My presentation at My So-called 2nd Life was about new possibilities in the market for 3D e-learning platforms. I focused on what Second Life (or analogous platforms) could become, and why there are some interesting opportunities in the education market right now.
We can summarize the history of internet-based e-learning as a progression from asynchronous communication to synchronous: Initially, teachers adopted the older models of correspondence courses and distance-learning by putting course content online: First, virtual course books and handouts (static HTML), then virtual classrooms (e.g., WebCT, Blackboard), and now “blended learning” in a distributed learning space encompassing both classrooms, tutorials and online interaction (face-to-face, online support materials, email access to tutor, discussion boards, class blogs, etc.).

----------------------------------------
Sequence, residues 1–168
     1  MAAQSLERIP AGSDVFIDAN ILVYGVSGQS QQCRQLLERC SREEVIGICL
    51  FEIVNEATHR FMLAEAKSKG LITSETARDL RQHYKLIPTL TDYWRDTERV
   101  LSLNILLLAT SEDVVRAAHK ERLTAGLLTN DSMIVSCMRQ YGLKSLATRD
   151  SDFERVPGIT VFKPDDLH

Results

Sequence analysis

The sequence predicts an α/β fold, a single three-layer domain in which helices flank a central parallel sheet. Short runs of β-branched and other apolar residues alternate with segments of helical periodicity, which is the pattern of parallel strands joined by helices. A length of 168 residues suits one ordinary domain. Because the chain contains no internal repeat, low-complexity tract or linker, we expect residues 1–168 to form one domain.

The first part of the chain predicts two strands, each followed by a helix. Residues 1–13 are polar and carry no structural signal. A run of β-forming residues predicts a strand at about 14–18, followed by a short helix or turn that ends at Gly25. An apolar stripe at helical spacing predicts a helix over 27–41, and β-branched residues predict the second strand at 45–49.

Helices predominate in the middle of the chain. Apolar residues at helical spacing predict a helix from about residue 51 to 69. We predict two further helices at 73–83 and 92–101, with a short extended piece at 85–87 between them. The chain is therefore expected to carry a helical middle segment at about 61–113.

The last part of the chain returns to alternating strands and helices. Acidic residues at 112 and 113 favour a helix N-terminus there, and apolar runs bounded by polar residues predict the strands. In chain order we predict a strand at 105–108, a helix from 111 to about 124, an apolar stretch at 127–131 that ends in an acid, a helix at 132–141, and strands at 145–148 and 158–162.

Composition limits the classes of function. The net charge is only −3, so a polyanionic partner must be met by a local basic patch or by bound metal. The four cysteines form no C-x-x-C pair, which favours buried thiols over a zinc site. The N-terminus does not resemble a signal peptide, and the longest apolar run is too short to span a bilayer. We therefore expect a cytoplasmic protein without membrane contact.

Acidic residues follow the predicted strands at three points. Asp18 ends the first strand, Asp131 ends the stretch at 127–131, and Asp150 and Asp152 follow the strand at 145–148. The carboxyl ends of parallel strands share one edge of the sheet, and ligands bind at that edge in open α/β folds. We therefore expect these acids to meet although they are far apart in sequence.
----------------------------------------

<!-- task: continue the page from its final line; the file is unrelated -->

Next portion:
In practice, teaching is about 3 key elements: Content, supporting materials, and most importantly dialogue. Conversation, as we know, is inherently unpredictable and off-topic. The strength of the conventional seminar, from Plato onwards, is that it allows for digression. Learning is not the linear acquisition of content. It’s the activity of leading the student around an area of interest, knowledge or skill so they can explore it and acquire it themselves. True pedagogy, in that sense, can’t bee too much “on the nose” – it has to incorporate a sense of potentiality, of the unexpected and unrehearsed. (more…)